“There is nothing nefarious about this,” Chambers said. “As a matter of fact, I am suggesting to them — and they know this — that this is a peaceful demonstration.”
While planning the convoy, organizers issued a 10-point list of safety rules for participants, including one that read, “Should bad actors try to create a problem, then do your best not to engage them!! Should you find yourself in a life-threatening situation because of such people, then by all means DEFEND yourself in accordance with state law.”
“The potential for something to happen or a one-off individual within that group is probably pretty good,” O’Connor said. “And even the group themselves has said that they are going to be looking out for people who are looking to cause problems. So, they’re thinking the same thing.”
It remained uncertain Tuesday how many people were involved in the convoy. According to WAVY, a local television station in Hampton Roads, Virginia, a few dozen vehicles met in a Virginia Beach parking lot before taking off for Texas on Monday. By Tuesday morning, organizers were attempting to curtail confusion about the route.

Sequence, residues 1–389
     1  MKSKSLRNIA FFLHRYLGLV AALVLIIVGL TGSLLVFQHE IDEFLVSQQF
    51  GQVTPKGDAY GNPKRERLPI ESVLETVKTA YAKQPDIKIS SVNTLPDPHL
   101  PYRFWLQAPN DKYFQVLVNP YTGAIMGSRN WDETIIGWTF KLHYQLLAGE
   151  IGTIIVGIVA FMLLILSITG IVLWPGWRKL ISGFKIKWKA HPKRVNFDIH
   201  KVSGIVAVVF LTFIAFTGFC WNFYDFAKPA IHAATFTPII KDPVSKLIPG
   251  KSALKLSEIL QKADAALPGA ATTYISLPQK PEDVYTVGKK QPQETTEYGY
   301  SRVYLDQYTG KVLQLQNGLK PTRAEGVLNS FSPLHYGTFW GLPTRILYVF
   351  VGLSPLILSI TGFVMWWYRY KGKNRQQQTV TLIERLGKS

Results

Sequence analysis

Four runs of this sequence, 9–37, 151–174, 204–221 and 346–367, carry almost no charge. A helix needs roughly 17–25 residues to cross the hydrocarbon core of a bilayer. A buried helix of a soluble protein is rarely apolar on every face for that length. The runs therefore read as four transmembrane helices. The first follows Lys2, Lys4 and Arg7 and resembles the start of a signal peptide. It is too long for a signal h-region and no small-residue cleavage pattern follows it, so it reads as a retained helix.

While it’s unknown how many people might join the rallies, the effort is well-funded. As of Tuesday afternoon, the group had raised nearly $141,000 in donations, which organizers said would be used for gas, permits, communication equipment and staging supplies at rally sites. Some anonymous donors gave between $1,000 and $3,000, their donations accompanied by messages such as, “Put on the armor of God” and “hold the line.”
The convoy stopped Monday night in Jacksonville, Florida, and it was expected to reach Baton Rouge, Louisiana, on Tuesday. Organizers planned to arrive in Dripping Springs, Texas, on Wednesday, where they are expected to hold a “pep rally” Thursday before going to Quemado on Friday.
Nikki Wentling covers disinformation and extremism for Military Times. She's reported on veterans and military communities for eight years and has also covered technology, politics, health care and crime. Her work has earned multiple honors from the National Coalition for Homeless Veterans, the Arkansas Associated Press Managing Editors and others.